Austerity from a human rights perspective
A decade after the recession, millions of people around the world continue to face significant social and economic hardship, both because of the crisis itself and Governments' response to it.
While record capital was mobilized to bail out the banking sector, austerity measures usually involved a mix of cuts in social spending, contractionary fiscal policies, pension reforms, privatization of public utilities, and reduction in food and heating subsidies. One study estimates that austerity impacted over two thirds of all countries, affecting more than over 6 billion people or nearly 80% of the global population.
High levels of unemployment caused poverty levels to rise. As austerity policies directly affected the ability of States to fulfill the human rights to health, food, work and social security, they contributed to social exclusion, a sharp rise of inequality, and a drastic increase in homelessness, as documented by UN Expert on the effects of foreign debt on human rights Juan Pablo Bohoslavsky.
Austerity measures proved particularly punitive for the most vulnerable in society, like the elderly, youth and the poor. According to UN Women, economic pressures on households may also increase domestic violence. Thus, the people who suffered the most from the financial crisis and its aftermath were the ones least involved in its making.
The minimum essential right to an adequate standard of living must be ensured, even in times of economic crisis or recovery.
All States that are a party to the International Covenant on Economic, Social and Cultural Rights have the obligation to use the maximum available resources to progressively realize economic, social and cultural rights. This means that everyone is guaranteed an immediate, minimum essential level of these rights, without discrimination. For the right to food, for example, the minimum core obligation consists of ensuring that no one suffers from hunger. Yet, few countries have national accountability mechanisms that effectively monitor and protect economic and social rights.
The long-awaited entry into force in 2013 of the Optional Protocol of the International Covenant on Economic, Social and Cultural Rights, which is still awaiting ratification by a number of EU Member States, allows individuals to claim these rights before the UN Committee on Economic, Social and Cultural Rights.
Human rights do not dictate the specific measures that States should take when faced with a financial crisis. However, they draw certain red lines that should not be crossed. Accordingly, all States must ensure, at the very minimum, that their economic policies do not endanger the actual enjoyment of human rights in their territory or abroad.
Although human rights treaties impose these obligations on States, they are not exclusively a national issue. International financial institutions are also bound by the Universal Declaration of Human Rights, which has become customary international law.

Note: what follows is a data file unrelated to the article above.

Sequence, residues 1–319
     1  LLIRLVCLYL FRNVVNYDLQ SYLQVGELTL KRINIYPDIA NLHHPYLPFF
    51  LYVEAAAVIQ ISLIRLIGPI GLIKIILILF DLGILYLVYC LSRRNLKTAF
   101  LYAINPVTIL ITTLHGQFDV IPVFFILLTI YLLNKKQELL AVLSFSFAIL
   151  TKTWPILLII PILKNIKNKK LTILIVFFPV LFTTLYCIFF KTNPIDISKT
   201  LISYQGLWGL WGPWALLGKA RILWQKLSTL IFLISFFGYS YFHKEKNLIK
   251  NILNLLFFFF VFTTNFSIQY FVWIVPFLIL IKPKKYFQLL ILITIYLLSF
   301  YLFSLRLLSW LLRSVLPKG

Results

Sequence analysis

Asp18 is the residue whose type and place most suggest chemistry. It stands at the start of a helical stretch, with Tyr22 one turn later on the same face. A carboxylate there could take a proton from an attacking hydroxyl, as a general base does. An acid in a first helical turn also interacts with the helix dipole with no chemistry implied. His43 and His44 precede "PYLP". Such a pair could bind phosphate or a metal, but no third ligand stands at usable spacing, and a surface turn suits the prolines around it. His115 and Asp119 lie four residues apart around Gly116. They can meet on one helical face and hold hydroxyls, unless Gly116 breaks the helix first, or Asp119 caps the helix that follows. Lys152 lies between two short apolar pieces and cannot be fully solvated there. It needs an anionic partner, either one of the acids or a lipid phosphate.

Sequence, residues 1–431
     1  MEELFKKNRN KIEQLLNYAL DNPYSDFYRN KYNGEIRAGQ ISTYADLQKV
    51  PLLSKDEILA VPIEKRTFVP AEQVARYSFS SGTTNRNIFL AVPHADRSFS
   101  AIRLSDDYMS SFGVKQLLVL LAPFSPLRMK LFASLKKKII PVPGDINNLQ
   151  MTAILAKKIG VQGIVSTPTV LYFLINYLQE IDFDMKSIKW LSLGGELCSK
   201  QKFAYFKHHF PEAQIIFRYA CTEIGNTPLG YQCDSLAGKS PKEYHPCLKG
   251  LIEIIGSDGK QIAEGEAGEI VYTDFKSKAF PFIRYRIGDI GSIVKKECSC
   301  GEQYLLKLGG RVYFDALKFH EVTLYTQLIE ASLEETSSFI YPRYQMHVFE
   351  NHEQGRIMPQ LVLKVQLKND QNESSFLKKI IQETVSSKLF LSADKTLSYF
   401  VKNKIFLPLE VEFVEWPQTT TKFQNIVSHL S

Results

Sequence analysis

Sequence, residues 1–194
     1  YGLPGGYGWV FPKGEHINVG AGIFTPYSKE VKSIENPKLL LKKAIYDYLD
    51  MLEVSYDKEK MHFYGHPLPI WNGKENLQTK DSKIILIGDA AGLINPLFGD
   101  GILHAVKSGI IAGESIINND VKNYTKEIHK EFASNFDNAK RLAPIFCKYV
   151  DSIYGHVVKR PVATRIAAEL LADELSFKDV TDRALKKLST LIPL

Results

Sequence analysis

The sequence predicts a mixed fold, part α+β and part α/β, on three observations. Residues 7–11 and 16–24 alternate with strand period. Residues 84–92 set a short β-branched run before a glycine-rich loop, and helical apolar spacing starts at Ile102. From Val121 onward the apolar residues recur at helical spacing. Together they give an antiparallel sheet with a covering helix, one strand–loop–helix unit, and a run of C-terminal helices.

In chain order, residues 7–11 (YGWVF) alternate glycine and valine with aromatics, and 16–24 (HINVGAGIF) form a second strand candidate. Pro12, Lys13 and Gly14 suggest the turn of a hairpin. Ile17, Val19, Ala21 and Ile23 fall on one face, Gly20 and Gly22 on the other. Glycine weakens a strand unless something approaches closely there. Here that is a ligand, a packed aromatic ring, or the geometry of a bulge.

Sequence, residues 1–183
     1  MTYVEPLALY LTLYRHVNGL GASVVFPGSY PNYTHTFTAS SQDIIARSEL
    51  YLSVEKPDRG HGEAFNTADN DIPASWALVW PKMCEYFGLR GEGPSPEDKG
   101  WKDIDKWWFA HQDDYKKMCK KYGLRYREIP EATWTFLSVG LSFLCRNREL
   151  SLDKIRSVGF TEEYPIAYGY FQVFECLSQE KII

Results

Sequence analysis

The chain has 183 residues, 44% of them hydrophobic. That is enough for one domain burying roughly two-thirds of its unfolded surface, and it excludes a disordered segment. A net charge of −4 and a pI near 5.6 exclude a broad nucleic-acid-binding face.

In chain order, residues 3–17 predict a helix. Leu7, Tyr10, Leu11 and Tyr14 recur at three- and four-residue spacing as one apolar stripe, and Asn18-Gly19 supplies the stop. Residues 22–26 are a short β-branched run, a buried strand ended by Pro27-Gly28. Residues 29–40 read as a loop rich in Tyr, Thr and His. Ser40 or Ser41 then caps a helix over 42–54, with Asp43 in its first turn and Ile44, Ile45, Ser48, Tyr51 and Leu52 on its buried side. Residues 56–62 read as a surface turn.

States further have a positive obligation to ensure adequate financial regulation, as necessary to safeguard human rights. The Guiding Principles on Foreign Debt and Human Rights further prescribe that a State’s obligations to repay external debt should not undermine its ability to meet its minimum core obligations in economic, social and cultural rights.
Not all reduction in public spending is harmful for human rights. For example, replacing medical products by generic drugs can actually improve the accessibility and affordability of health care and thus strengthen the realization of the right to health.
Budgets and economic reforms should respect the basic principles of non-discrimination, transparency, participation and accountability and prioritize human rights.
Human rights impact assessments can support Governments and international financial institutions in complying with their international human rights obligations when carrying out economic reforms, whether voluntary or imposed as lending conditionalities. The aim of such reforms should be to strengthen, adjust and close gaps in social protection systems, not to dismantle or undermine them.
Transparency, access to information and meaningful participation of stakeholders is also critical for the 2030 Sustainable Development Agenda, as the realization of these goals will depend on the mobilization and efficient use of resources.
Existing inequities in global governance also need to be tackled and international trade, finance and investment policy need to be explicitly and systematically aligned with international human rights law and principles of due diligence. Only then can we move from a vicious to a virtuous cycle.
Birgit Van Hout
Regional Representative for Europe, UN Human Rights Office
The views expressed in europeinfos are those of the authors and do not necessarily represent the position of COMECE and the Jesuit European Social Centre.